Materials science intersects with the fields of environmental science and sustainability in a variety of ways. This involves both developing new materials and conducting basic science research to understand processes governing the behavior of the materials. Specific research areas with emphasis in IMSE include: carbon dioxide capture and conversion (to metal carbonates and other products), treatment for removal of aqueous-phase contaminants, and the surface chemistry of environmental materials from natural and engineered systems.
Greenhouse gas capture and conversion
Researchers within IMSE focus on strategies for carbon dioxide (and other greenhouse gas) capture from flue gases or other sources, and the conversion of these gases to other solids or useful feedstock chemicals. Ongoing work includes:
- Advancing new materials for chemisorption and physisorption of these greenhouse gases (namely CO2 and methane, CH4)
- Investigation of the optimal conditions (temperature, pH, pressure) for conversion of CO2 to carbonates and monitoring the kinetics of these complex coupled reactions.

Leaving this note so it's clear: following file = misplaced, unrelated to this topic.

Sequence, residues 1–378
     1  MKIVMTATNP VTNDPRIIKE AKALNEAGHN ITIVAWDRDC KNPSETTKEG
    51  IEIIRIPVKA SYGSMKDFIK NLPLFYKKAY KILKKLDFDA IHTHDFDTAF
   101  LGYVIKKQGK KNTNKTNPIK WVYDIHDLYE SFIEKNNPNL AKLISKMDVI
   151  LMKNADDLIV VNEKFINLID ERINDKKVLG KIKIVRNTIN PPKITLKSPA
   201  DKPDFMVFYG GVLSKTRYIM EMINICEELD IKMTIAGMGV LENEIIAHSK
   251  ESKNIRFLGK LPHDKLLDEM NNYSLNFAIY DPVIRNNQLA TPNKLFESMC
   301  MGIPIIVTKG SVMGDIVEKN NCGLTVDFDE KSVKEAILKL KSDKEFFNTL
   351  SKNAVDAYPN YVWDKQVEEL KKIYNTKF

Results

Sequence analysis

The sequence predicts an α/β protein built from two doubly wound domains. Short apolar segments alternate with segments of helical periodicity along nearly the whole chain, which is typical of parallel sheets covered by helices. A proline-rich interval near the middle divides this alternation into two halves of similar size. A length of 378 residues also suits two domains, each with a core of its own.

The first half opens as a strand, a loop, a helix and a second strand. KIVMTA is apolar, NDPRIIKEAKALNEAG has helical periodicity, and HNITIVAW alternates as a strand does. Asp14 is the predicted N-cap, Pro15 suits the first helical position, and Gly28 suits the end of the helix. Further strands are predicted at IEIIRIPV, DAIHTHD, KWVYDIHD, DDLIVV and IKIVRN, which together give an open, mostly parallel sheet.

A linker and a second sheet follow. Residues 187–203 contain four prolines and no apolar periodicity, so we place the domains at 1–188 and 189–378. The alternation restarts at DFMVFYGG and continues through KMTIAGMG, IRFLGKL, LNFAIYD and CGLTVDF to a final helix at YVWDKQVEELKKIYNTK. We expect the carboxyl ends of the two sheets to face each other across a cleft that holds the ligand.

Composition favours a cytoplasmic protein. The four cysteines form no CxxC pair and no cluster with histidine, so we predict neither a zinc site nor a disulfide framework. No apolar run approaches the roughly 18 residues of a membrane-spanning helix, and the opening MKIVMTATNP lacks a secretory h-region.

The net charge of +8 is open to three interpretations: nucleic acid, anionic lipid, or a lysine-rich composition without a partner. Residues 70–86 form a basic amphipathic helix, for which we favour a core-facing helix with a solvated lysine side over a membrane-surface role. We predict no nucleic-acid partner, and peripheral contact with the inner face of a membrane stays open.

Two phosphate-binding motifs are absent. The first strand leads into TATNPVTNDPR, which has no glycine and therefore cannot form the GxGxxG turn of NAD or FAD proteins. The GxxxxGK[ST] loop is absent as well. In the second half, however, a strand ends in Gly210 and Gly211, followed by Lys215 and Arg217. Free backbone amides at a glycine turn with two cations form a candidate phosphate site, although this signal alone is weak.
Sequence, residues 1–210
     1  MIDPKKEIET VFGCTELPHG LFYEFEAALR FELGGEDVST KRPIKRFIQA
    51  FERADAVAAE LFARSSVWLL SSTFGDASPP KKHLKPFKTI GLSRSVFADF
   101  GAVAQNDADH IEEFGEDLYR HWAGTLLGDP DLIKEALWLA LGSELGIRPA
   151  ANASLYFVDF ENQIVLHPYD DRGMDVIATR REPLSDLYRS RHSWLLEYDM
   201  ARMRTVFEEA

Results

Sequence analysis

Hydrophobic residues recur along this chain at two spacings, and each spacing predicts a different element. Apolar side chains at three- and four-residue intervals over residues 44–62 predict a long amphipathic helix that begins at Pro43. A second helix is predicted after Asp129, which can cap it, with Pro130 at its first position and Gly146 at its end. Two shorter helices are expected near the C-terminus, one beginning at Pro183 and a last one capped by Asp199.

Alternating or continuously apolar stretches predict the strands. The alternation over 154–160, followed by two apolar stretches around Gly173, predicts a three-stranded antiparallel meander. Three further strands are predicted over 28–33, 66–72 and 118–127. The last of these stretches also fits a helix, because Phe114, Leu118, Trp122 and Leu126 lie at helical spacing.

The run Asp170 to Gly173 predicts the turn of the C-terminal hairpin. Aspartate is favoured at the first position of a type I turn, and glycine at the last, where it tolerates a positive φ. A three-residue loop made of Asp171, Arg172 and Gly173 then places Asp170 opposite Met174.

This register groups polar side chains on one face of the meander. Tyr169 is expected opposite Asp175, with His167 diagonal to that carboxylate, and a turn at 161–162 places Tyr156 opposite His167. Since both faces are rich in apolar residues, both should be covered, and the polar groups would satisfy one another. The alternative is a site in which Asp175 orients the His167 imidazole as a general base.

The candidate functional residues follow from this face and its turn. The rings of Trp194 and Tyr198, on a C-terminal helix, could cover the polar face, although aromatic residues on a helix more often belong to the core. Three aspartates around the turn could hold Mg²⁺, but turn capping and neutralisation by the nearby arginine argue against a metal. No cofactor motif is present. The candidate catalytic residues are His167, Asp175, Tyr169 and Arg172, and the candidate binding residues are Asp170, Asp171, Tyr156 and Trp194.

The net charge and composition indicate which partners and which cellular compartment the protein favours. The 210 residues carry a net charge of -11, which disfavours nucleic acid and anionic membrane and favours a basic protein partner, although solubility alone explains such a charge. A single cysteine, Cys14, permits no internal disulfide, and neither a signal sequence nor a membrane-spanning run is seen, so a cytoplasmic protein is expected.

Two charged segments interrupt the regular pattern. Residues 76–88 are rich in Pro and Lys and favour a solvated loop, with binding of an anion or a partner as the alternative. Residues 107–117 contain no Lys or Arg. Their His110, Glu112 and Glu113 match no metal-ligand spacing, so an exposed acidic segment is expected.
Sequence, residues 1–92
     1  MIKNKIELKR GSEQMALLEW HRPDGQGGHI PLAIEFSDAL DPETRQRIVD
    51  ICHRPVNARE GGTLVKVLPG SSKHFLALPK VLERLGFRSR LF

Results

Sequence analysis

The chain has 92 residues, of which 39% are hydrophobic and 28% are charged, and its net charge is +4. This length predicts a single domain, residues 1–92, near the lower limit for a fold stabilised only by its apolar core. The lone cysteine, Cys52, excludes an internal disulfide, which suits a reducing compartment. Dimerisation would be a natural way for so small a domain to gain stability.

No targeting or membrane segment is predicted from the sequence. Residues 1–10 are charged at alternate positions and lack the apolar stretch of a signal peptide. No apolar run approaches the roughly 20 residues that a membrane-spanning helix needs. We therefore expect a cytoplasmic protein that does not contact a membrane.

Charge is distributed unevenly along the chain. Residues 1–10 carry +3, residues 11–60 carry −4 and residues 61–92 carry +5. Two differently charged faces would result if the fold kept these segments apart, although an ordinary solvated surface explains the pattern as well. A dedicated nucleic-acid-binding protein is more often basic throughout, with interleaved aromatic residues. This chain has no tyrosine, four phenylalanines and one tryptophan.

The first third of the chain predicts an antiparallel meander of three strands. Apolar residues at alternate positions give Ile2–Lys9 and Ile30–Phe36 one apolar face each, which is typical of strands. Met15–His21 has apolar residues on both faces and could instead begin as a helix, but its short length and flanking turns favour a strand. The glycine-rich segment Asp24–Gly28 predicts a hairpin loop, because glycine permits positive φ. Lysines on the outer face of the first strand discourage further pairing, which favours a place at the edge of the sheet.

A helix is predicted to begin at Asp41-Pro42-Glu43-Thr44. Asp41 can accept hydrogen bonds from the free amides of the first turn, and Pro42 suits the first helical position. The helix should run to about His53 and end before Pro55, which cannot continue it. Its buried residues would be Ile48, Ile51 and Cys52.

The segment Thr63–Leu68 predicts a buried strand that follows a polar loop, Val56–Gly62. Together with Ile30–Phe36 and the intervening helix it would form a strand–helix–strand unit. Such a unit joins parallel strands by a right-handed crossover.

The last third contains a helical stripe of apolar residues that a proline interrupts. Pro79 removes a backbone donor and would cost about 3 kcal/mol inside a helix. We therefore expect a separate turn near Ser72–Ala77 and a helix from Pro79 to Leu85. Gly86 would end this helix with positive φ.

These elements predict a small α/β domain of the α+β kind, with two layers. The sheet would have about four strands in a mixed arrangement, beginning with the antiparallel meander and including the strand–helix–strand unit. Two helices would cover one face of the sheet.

- Developing new analytical tools for the study of these systems, including NMR spectroscopy and MRI imaging.
- Catalytic conversion of CO2 to higher value products.
Treatment of aqueous-phase contaminants
IMSE researchers study materials that can be used for removal of aqueous contaminants in water and for in situ remediation of natural systems. Ongoing work investigates:
- Binding of water contaminants by iron and manganese oxide nanomaterials through surface adsorption and structural incorporation.
- Removal of contaminants from water supplies using in situ generation of iron oxide sorbents via electrocoagulation.
- Nanoparticle synthesis and stabilization for water treatment and environmental sensing applications.
- Materials that promote the nucleation of insoluble contaminant-bearing solids.
Surface chemistry of environmental materials
IMSE researchers study the fundamental surface chemistry of environmental materials. Ongoing work investigates:
- Molecular-scale ordering of water near the surfaces of environmental materials.
- Proton and ligand exchange processes at solid-water interfaces.
- Electron transfer process on the surfaces of natural semiconducting materials.